‘I have Aphasia’ is a new iOS app for people with aphasia, giving a brief but succinct explanation of their condition, which affects the ability to create and understand language. The app provides a short animated film made by people with aphasia outlining the key communication difficulties they face so that they can show it to others without the stress of trying to explain this themselves. The animation illustrates how people can assist them through understanding and patience. The iOS app is now free to download from the app store (uod.ac.uk/2u5Pvj1), a preview of the app animation can be found at aac.dundee.ac.uk/tap-and-talk.
Picture shows Shona Robison MSP (Cabinet Secretary for Health and Sport) speaking at the launch event, watched by Sir Pete Downes (Principal, University of Dundee), John Connell (Chairman, NHS Tayside), Lesley McLay (Chief Executive, NHS Tayside), members of the design team and members of the user group.
The app was developed from a collaborative programme managed through THAT’s ST/ART Project, and the Tap and Talk iPad group at the University of Dundee. Through an 8-week programme of working with a professional animator the group were able to articulate their experiences of aphasia and shape and direct the production of a film and the short app animation. With support from Dogfi.sh Mobile, a Scottish media development company, that short animation has now been reproduced as a downloadable App for tablets and smart phones.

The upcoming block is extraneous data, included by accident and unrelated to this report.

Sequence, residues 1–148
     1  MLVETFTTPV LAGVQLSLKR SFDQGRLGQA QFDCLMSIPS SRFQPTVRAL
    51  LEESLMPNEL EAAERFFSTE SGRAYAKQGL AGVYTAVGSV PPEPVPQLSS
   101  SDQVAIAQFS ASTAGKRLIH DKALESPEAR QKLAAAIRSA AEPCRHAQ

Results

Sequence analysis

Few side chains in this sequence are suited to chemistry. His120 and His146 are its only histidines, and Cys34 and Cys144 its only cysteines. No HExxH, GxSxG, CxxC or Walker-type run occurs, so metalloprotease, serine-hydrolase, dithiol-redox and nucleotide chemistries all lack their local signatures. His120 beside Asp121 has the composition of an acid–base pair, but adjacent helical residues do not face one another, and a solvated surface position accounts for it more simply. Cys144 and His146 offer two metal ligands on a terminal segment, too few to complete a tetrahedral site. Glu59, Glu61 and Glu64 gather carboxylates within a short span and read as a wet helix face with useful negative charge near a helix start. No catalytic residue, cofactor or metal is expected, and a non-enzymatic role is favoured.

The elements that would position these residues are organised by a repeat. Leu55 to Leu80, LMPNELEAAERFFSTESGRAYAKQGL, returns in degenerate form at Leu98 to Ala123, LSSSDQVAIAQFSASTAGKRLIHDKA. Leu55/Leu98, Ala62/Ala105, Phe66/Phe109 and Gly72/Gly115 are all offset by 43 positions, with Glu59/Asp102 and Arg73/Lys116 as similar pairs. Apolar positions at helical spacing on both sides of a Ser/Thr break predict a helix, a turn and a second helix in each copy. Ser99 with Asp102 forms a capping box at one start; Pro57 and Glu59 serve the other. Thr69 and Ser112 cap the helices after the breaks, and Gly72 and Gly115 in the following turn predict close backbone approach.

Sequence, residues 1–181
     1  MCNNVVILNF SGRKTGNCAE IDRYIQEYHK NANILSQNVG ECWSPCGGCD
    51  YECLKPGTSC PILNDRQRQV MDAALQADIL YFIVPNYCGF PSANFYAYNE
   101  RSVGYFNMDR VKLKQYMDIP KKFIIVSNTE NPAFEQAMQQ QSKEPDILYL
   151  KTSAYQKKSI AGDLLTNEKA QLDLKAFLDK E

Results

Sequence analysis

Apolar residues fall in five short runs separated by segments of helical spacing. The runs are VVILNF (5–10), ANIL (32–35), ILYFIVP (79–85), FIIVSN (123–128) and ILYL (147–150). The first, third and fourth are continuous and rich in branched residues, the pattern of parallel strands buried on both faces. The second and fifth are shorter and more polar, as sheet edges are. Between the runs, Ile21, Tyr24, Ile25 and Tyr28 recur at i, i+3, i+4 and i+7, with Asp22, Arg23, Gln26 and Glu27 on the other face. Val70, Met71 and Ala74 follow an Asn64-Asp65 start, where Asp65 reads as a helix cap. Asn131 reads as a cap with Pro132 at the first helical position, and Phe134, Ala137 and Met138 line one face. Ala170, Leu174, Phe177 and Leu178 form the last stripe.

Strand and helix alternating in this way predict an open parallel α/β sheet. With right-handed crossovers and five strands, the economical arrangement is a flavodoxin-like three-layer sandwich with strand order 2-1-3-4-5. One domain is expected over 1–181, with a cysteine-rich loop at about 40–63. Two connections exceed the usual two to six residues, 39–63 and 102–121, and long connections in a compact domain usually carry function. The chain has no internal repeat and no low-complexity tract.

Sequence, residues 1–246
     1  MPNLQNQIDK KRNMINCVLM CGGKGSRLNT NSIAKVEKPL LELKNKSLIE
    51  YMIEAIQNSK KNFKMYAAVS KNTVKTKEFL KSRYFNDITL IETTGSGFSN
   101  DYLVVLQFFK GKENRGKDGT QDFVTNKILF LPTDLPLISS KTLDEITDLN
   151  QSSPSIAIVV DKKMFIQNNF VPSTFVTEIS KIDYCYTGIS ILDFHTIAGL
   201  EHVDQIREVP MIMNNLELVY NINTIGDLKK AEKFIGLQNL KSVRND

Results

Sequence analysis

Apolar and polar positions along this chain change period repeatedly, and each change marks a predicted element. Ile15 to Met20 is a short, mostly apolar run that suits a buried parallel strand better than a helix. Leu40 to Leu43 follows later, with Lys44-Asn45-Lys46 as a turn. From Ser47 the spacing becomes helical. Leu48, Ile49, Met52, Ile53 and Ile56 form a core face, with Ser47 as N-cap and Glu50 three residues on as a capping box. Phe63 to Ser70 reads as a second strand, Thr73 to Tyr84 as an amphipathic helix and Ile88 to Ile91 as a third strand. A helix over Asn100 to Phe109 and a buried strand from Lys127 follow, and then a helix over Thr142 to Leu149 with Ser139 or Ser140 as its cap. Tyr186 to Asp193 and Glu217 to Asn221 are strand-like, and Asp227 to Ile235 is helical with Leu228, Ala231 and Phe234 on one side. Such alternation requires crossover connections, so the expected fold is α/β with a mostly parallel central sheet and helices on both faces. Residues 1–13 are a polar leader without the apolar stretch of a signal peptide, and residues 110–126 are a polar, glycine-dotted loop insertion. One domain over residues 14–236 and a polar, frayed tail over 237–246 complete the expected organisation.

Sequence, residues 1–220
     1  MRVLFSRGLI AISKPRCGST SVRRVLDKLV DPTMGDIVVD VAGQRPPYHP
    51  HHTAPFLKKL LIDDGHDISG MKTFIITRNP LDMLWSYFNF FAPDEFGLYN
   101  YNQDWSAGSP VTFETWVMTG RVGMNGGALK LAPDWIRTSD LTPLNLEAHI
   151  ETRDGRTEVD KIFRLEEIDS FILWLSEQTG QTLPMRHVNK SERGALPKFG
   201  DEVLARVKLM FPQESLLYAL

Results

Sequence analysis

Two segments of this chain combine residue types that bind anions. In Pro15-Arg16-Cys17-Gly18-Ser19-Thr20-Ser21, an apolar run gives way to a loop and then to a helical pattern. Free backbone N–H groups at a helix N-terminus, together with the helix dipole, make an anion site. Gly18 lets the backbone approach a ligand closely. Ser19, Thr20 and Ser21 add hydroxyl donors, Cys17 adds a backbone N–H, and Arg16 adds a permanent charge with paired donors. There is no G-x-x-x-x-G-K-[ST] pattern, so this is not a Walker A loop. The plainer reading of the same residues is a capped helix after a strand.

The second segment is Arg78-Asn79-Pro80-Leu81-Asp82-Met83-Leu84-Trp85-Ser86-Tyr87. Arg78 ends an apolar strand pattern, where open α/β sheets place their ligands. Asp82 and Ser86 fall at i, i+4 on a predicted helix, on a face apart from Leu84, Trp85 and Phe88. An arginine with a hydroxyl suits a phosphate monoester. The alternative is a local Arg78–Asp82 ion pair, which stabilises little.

June is national ‘Aphasia Awareness Month’ and as a finale to that campaign, THAT and the University of Dundee will be launching the app on June 30th at 11 am at the Queen Mother Building on the University Campus. Representatives of all partners will be in attendance on the day – THAT, the University of Dundee, NHS Tayside (who fund the ST/ART Project) and Dogfi.sh Mobile, as well as representation and backing from the Stroke Association, Chest Heart & Stroke Scotland and the Scottish Government.